Krinski W., Experimental methodological study for “colour and spatial composition“, 1921, paper, pencil, gouache © The Schusev Museum of Architecture, Moscow
Burow A., Study work at the Moscow Institute of Civil Engineers, Lighthouse in a port, Side view, sketch, 1922, pencil, ink © The Schusev Museum of Architecture, Moscow

The study drawing shows that students had to be familiar with the basic laws of physics, otherwise they were not able to make realistic architectural studies. But even though these technical works convey artistic and scientific skills on paper, the majority of their architectural efforts did turn into nothing of materialist nature and many of the works went straight into the private archives of the makers and later on into public ones. Finding jobs after graduating from the practically oriented school also turned out to be difficult for many, since Russian constructivism was replaced with Social Realism under Stalin’s stint in power from 1924 onwards. The students of the VKhuTEMAS experienced the changed socio-political environment and found themselves forced to go into other professions rather than into the arts and architecture, tells an alumnus student in the video shown at the end of the exhibition. In “The Russian Bauhaus“,a German documentary film of 1984, the same alumnus also shows some of his works and reflects upon his time at the school.

The school’s architectural projects were very ambitious in terms of size and effort required from their students. Especially proposals for the International Red Stadium (Moscow) at the end of the 1920s were very ambitious. None of the submitted projects made it into reality. In 1930, the new approach to artistic schooling and real life production at VKhUTEMAS ended during Stalin’s second five-year plan with its closure. The school’s architectural faculty was combined with the Institute for Higher Engineering and Architecture, which is know today as the Moscow Architectural Institute. Some historical architectural buildings and the approaches of modern Constructivism were replaced with the overly sweetened gingerbread style and with Social Realism by Stalin, with the aim to take complete control over the all spheres of life.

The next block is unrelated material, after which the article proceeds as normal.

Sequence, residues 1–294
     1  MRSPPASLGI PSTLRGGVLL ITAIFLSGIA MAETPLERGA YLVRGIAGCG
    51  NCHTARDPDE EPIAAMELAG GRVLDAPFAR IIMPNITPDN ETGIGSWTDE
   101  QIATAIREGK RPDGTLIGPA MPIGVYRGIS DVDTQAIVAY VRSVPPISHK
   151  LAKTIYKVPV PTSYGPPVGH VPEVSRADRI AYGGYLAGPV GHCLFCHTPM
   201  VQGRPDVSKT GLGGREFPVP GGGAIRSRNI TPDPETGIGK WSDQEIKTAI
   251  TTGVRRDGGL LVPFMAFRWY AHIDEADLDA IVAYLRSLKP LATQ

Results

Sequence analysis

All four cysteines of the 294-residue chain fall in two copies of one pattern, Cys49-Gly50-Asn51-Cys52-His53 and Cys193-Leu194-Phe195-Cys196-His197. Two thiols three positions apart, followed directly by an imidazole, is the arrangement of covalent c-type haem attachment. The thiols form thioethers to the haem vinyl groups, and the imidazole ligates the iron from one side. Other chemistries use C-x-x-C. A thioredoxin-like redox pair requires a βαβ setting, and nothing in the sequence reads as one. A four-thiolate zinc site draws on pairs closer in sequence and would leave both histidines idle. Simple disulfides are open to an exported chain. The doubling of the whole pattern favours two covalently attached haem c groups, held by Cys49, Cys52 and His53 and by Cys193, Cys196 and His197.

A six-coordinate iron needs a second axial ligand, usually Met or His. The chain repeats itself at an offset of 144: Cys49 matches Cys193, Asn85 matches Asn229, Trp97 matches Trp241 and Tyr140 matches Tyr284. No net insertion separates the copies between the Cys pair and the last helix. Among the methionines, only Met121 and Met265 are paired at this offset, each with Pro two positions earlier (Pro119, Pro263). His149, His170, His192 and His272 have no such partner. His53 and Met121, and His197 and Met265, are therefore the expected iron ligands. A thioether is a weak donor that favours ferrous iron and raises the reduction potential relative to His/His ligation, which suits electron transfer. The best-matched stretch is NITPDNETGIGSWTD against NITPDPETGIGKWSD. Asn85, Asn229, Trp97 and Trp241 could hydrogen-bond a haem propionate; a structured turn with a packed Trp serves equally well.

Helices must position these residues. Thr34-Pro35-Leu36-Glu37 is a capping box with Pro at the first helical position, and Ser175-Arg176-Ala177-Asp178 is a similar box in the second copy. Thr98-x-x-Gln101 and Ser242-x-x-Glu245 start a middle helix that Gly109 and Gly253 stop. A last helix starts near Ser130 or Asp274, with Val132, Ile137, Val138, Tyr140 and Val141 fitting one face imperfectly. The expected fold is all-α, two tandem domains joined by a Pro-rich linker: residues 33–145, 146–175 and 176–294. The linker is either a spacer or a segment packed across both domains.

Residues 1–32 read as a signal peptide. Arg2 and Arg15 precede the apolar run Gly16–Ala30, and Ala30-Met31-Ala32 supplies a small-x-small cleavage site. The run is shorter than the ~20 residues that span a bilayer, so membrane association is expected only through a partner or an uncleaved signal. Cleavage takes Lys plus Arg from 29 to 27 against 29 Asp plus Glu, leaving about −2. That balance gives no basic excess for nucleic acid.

Krinsky V., News stall for the sale of propaganda materials. Elevation, 1919 © The Schusev Museum of Architecture, Moscow

But the exhibition on the architectural style of the Russian Bauhaus does not seem to have an end. The closer the visitor gets to the final room of the exhibition, the more he wants to know: where can I see these buildings in real life? After watching the video, it becomes clear: nowhere. Yet, the video leaves a melancholic incentive to go back to the very beginning of the exhibition and find out how this could happen. What could have been done differently, to prevent the work of young motivated artists from turning into utopian concepts? And how can we use this cognisance today?